Sorry, but are you blind?

    Today I tried to play Ticket to Ride. Not from White, but well ...I did it from memory of the tune, never before I played it, haven't listened to it for decades (try that with jazz standard).

    Melody and intro are kind of simple, but in a good way. Just like Giant Steps melody is simple. It is actually one very witty, clever and inspiring piece. Melody is mostly made of extensions, at least 7ths and suspensions (as far as to chords I came up with). Intro riff is almost all chord notes (with 9), but is syncopated in a kind of reverse groove way, you'd only expect from sampled cut ups in electronic and techno music.
    There is groove, there is blues ... And so on.
    The only thing it does not have is flashy billboard up yor face. It does not scream "I am blues", "I am groovie", "I am clever". However, when you try to think of why it is so good, you realise it is all there, in lots.

    Lyrics, I will not comnent, but let's say, it could be about me and my wife, only she do care and I am still around.
    Last edited by Vladan; 01-26-2020 at 02:18 PM.

  29. #28

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    Quote Originally Posted by Vladan
    Sorry, but are you blind?

    Today I tried to play Ticket to Ride. Not from White, but well ...I did it from memory of the tune, never before I played it, haven't listened to it for decades (try that with jazz standard).

    Melody and intro are kind of simple, but in a good way. Just like Giant Steps melody is simple. It is actually one very witty, clever and inspiring piece. Melody is mostly made of extensions, at least 7ths and suspensions (as far as to chords I came up with). Intro riff is almost all chord notes (with 9), but is syncopated in a kind of reverse groove way, you'd only expect from sampled cut ups in electronic and techno music.
    There is groove, there is blues ... And so on.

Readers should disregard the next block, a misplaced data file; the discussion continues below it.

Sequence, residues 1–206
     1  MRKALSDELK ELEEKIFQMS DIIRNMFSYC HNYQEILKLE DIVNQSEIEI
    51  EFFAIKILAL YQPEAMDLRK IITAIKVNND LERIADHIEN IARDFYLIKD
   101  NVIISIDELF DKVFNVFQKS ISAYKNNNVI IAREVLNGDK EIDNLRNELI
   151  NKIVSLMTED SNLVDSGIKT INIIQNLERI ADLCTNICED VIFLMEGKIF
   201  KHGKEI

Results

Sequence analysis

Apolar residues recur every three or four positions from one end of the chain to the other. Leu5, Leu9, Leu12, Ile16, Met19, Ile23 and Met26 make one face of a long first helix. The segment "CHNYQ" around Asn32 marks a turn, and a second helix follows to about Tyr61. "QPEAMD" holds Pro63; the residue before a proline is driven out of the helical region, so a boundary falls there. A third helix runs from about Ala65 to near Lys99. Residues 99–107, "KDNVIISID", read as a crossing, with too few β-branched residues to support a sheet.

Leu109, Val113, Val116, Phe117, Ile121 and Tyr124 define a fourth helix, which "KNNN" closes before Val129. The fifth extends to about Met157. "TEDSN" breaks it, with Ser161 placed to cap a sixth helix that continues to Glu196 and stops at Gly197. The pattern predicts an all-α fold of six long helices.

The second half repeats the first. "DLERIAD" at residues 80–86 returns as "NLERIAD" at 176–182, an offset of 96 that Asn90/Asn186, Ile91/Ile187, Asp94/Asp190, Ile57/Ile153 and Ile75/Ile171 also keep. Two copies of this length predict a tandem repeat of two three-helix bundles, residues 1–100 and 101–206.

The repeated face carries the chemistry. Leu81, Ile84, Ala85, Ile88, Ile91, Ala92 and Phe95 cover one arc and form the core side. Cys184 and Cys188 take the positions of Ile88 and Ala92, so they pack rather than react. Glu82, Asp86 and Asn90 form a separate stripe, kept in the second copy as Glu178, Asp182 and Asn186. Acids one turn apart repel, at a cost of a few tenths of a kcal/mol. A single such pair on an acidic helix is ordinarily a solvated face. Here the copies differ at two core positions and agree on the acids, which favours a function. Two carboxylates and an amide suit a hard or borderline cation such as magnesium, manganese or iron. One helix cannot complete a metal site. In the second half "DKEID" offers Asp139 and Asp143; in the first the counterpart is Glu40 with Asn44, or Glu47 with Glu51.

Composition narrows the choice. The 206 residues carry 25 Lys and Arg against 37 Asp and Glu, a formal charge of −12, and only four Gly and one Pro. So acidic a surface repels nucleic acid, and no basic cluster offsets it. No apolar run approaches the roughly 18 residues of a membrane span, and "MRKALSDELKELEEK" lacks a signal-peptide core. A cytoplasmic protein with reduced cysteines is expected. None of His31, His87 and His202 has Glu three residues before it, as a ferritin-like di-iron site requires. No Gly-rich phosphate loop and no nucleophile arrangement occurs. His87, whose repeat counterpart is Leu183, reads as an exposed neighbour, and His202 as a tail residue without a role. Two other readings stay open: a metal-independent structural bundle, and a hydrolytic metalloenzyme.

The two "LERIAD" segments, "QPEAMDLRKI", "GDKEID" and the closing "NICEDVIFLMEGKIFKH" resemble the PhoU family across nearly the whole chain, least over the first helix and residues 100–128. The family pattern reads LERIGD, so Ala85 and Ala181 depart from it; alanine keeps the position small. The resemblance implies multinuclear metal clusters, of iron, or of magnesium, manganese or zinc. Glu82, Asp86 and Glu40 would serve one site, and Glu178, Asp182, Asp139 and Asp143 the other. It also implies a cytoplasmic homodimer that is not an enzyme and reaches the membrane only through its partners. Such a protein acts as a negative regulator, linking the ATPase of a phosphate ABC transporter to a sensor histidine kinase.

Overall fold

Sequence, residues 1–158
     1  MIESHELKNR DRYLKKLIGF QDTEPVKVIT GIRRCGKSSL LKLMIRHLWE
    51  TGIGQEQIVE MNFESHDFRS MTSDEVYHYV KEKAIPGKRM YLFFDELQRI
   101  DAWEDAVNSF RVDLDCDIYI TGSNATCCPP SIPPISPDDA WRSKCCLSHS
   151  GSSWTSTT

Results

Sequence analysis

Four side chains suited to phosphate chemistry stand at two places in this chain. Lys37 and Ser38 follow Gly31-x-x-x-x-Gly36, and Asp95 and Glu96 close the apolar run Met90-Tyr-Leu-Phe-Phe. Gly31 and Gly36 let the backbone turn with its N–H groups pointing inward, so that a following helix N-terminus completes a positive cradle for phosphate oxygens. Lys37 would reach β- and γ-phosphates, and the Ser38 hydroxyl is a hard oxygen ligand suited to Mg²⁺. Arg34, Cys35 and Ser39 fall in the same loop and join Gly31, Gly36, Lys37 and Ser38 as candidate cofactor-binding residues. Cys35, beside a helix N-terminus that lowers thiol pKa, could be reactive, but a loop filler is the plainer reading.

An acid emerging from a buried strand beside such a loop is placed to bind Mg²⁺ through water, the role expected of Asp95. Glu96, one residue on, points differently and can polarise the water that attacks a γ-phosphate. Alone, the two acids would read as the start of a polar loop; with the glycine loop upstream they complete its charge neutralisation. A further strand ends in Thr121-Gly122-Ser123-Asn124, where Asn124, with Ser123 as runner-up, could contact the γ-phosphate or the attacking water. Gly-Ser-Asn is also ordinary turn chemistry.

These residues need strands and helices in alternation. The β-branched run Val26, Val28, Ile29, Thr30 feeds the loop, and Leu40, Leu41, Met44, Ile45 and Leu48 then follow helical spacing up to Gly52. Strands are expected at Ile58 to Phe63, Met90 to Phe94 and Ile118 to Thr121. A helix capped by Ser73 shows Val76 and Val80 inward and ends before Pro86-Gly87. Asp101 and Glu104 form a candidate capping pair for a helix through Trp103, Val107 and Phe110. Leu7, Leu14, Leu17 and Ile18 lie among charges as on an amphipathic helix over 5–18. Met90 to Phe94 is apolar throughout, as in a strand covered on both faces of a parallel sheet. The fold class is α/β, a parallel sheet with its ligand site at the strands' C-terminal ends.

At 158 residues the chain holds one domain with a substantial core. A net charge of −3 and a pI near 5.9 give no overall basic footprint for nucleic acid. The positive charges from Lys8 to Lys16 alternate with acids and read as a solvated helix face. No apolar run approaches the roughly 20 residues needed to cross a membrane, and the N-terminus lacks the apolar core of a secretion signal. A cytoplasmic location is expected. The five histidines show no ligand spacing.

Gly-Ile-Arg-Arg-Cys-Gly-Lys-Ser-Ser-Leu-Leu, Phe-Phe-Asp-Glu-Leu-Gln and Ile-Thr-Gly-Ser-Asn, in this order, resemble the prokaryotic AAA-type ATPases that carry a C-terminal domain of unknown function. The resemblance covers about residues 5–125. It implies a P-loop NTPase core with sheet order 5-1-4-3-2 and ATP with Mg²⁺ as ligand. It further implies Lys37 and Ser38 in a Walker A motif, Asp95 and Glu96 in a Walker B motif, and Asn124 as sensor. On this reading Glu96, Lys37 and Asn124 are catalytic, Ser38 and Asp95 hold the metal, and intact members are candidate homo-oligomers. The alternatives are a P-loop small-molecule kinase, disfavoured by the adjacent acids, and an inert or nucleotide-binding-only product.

The only thing it does not have is flashy billboard up yor face. It does not scream "I am blues", "I am groovie", "I am clever". However, when you try to think of why it is so good, you realise it is all there, in lots.

    Lyrics, I will not comnent, but let's say, it could be about me and my wife, only she do care and I am still around.
    I'm sure you know that people like to go over-the-top at chat forums. This is what we are seeing here (but not from you, since I find your post to be well balanced), from both "camps".

    As it relates to chord progressions and chord voicing, most of their songs are fairly vanilla. Yea, they will use non-triads but those are mostly by Paul in songs that aren't "rock songs"; E.g Michelle. Ok, but so what. As for melody; I find that very subjective. The bottom line for me is that I enjoy most of their melodies over those chord progressions. The fact that most are not complex is irrelevant.

    As for comparing songwriters; I don't see what is gained by doing so and unless I missed something no one compared Paul or John to Hoagy Carmichael or any of the others from his generation like Porter, Kerns, etc... While I view Stardust as one of the best written songs of the 20th century that doesn't mean songs written by others are kid stuff. But alas putting down others with over-the-top comments is a past time for some.

  30. #29

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    Any one listen to the remastered version on a full range stereo system? So far I have not run into many remastered albums that I have enjoyed. Not sure if its the quality of mix or if there is a bias towards the original mix.